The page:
Simulations were used to compare evolution of insecticide resistance predicted by a conventional two-allele model with predictions from three- and four-allele models that assume resistance is based on gene amplification. Results were similar between models when insecticide concentration was low or moderate. In contrast, when 10% of the population was not exposed to insecticide each generation, high insecticide concentrations slowed resistance development in the two-allele model, but caused rapid development of high levels of resistance in the three- and four-allele models. The presence of a third allele at an initial frequency as low as 10-7 doubled or tripled the rate of resistance development in some cases. Attempts to slow evolution of resistance by overwhelming it with high concentrations of insecticides are not likely to succeed if gene amplification or other mechanisms generate alleles that confer high levels of resistance.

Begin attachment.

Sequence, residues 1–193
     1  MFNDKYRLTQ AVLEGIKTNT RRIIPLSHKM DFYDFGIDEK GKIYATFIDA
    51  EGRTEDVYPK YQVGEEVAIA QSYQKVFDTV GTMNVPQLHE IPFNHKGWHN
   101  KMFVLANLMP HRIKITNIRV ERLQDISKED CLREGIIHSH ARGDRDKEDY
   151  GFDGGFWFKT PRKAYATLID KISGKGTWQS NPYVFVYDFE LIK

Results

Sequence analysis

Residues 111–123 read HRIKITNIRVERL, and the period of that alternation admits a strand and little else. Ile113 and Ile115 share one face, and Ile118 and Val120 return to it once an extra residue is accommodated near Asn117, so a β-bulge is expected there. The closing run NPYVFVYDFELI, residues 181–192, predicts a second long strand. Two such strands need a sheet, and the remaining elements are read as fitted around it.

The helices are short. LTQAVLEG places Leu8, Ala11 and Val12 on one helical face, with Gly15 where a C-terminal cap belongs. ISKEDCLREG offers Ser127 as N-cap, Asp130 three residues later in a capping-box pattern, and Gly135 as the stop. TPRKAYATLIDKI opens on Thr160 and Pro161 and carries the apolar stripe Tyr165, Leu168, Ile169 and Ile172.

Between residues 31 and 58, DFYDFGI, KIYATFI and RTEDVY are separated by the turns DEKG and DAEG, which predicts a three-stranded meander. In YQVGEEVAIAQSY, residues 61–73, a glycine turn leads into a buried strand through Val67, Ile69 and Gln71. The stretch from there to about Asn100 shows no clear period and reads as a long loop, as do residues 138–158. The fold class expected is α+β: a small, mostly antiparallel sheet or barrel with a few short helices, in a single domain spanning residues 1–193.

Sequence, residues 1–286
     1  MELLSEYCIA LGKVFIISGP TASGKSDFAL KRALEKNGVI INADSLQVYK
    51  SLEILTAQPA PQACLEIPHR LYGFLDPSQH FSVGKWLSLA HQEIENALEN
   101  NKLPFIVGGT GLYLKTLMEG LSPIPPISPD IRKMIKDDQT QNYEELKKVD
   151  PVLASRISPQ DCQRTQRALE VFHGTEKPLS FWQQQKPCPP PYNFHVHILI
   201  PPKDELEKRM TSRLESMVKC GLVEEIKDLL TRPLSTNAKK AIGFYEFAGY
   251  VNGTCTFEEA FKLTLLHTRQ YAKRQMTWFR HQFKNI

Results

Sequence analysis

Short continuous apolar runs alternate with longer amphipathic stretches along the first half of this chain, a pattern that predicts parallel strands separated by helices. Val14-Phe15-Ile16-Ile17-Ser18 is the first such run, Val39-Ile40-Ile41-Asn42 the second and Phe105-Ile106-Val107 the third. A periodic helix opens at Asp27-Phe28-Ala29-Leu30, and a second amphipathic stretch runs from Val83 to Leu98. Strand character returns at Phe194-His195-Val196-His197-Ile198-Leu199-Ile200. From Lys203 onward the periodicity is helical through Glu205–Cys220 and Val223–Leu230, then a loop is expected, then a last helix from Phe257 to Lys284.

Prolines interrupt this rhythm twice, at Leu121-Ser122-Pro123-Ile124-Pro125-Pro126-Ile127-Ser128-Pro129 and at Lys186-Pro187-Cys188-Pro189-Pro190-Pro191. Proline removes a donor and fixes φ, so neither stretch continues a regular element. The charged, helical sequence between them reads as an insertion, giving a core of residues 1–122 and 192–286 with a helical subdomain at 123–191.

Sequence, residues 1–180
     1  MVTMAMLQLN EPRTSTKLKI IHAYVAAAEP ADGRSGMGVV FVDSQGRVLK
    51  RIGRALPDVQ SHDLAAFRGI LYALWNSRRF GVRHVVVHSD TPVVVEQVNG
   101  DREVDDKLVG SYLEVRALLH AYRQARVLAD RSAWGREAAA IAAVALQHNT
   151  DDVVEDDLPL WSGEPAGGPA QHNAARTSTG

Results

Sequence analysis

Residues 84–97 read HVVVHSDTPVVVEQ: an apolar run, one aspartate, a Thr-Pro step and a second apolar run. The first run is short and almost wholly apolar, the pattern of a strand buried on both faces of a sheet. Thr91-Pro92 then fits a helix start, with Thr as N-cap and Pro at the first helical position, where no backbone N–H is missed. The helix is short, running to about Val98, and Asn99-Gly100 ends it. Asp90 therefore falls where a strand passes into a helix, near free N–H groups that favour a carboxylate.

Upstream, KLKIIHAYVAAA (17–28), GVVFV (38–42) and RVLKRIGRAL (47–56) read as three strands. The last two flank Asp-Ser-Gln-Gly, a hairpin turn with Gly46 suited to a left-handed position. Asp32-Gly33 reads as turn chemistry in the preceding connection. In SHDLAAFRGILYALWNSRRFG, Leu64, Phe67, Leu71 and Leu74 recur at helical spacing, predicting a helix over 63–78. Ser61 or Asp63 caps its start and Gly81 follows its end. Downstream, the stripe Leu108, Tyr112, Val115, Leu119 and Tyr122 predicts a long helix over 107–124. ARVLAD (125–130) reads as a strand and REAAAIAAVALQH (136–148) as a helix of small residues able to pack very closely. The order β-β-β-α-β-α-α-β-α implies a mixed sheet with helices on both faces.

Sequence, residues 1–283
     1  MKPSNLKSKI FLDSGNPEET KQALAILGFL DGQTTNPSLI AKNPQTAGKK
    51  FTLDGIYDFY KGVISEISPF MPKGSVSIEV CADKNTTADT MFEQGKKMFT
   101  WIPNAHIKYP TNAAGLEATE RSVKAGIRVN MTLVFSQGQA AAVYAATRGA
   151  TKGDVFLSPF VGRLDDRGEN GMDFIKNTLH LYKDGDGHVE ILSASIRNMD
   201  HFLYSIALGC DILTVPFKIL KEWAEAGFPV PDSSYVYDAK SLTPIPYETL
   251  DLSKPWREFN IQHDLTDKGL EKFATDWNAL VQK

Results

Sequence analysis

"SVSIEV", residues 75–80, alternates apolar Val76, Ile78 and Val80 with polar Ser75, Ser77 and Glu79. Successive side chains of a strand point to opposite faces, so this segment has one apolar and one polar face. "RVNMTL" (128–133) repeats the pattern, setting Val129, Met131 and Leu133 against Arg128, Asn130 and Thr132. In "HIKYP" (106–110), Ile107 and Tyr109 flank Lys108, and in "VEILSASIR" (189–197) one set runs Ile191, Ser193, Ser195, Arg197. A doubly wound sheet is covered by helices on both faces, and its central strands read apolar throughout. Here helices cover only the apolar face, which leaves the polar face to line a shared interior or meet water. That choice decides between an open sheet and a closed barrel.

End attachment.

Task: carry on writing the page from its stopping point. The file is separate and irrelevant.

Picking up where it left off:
Document Type: Research Article
Publication date: August 1, 1990
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Journal of Economic Entomology is published bimonthly in February, April, June, August, October, and December. The journal publishes articles on the economic significance of insects and is divided into the following sections: apiculture & social insects; arthropods in relation to plant disease; forum; insecticide resistance and resistance management; ecotoxicology; biological and microbial control; ecology and behavior; sampling and biostatistics; household and structural insects; medical entomology; molecular entomology; veterinary entomology; forest entomology; horticultural entomology; field and forage crops, and small grains; stored-product; commodity treatment and quarantine entomology; and plant resistance. In addition to research papers, Journal of Economic Entomology publishes Letters to the Editor, interpretive articles in a Forum section, Short Communications, Rapid Communications, and Book Reviews.